By the very act of feeding, shellfish filter phytoplankton (nutrients including nitrogen and phosphorous) out of the water, cleaning and clarifying the water. In fact, a single clam can filter 50 gallons of water a day. Clearer water allows more sunlight to penetrate, which aids in the growth of crucial seagrasses, including eelgrass.
Without shellfish, algae can grow virtually unchecked, clouding the water and eventually falling to the bottom, where it decays, reducing the level of oxygen in the water. In addition, shellfish, like other carbon fixers such as corals, help reduce carbon dioxide levels by incorporating carbon into their shells.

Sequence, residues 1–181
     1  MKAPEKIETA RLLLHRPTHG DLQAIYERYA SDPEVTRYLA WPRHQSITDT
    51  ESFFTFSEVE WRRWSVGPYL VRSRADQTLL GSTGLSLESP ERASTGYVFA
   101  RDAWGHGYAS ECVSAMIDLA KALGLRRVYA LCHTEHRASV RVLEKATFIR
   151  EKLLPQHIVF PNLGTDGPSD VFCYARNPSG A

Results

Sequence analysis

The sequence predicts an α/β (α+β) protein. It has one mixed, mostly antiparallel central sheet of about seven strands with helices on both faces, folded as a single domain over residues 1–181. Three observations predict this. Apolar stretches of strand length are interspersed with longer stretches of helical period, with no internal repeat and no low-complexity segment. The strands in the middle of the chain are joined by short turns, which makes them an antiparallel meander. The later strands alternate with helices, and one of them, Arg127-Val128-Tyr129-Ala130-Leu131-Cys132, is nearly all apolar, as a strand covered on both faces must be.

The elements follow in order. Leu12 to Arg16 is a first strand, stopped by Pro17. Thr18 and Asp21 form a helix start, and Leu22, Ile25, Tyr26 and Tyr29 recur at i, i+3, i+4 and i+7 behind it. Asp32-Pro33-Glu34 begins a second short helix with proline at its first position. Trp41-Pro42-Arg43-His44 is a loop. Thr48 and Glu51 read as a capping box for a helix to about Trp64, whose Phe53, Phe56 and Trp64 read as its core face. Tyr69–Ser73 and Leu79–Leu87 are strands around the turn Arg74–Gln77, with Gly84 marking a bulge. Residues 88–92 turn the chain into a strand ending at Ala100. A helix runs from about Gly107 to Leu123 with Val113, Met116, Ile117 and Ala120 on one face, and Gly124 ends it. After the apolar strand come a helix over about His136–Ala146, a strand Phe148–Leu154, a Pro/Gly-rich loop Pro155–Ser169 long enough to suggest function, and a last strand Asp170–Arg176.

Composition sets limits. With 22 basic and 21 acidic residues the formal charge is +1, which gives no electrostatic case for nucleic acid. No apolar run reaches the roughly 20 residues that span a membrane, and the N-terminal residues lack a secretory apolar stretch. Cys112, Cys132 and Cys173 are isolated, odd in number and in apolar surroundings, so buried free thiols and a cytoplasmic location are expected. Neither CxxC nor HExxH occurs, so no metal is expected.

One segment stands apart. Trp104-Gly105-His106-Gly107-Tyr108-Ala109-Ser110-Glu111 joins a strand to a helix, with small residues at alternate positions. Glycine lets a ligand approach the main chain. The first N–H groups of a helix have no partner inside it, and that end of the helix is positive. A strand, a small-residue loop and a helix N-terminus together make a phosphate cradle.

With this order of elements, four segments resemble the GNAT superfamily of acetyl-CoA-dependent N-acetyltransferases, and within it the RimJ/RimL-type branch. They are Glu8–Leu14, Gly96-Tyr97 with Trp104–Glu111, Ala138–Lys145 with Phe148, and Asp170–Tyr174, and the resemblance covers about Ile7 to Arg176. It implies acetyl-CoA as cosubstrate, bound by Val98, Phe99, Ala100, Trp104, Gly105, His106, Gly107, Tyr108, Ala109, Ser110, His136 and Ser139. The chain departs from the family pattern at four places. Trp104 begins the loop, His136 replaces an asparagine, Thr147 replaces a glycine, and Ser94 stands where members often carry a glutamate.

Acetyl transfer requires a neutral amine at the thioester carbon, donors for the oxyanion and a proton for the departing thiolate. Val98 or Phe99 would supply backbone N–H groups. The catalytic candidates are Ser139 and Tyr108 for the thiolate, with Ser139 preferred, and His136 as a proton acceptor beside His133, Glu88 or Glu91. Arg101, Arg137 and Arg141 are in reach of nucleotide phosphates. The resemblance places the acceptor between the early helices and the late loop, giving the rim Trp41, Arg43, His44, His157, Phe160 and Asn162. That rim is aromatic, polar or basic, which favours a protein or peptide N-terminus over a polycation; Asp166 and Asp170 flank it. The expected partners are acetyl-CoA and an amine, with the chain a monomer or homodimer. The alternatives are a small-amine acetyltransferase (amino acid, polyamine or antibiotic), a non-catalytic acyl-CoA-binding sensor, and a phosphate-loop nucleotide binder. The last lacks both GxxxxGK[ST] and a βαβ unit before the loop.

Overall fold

Shellfish farming can only take place in the cleanest waters that have been certified under the National Shellfish Sanitation Program (NSSP), a stringent set of standards operated under the Food and Drug Administration. The NSSP standards led to the first estuarine/marine monitoring programs, and are the most stringent of all water quality classifications, far exceeding those required for swimming.
Regular monitoring is required to maintain certification of shellfish beds, and harvesting is banned if a problem is detected. These bans remain in effect until the problem is corrected and water quality monitoring indicates the area once again meets standards.
Click here to watch a time-lapse video of Manila Clams cleaning water.